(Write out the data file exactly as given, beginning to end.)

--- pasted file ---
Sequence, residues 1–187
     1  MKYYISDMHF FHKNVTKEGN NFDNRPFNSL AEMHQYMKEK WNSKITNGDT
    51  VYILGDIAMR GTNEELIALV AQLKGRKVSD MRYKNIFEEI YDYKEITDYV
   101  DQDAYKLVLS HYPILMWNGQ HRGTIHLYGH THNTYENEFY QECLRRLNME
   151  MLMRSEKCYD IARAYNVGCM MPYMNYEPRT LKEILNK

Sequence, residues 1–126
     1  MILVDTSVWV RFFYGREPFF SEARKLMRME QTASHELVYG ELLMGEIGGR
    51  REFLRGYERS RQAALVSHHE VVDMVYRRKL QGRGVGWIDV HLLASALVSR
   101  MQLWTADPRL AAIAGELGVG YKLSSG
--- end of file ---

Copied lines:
Sequence, residues 1–187
     1  MKYYISDMHF FHKNVTKEGN NFDNRPFNSL AEMHQYMKEK WNSKITNGDT
    51  VYILGDIAMR GTNEELIALV AQLKGRKVSD MRYKNIFEEI YDYKEITDYV
   101  DQDAYKLVLS HYPILMWNGQ HRGTIHLYGH THNTYENEFY QECLRRLNME
   151  MLMRSEKCYD IARAYNVGCM MPYMNYEPRT LKEILNK

Sequence, residues 1–126
     1  MILVDTSVWV RFFYGREPFF SEARKLMRME QTASHELVYG ELLMGEIGGR
    51  REFLRGYERS RQAALVSHHE VVDMVYRRKL QGRGVGWIDV HLLASALVSR
   101  MQLWTADPRL AAIAGELGVG YKLSSG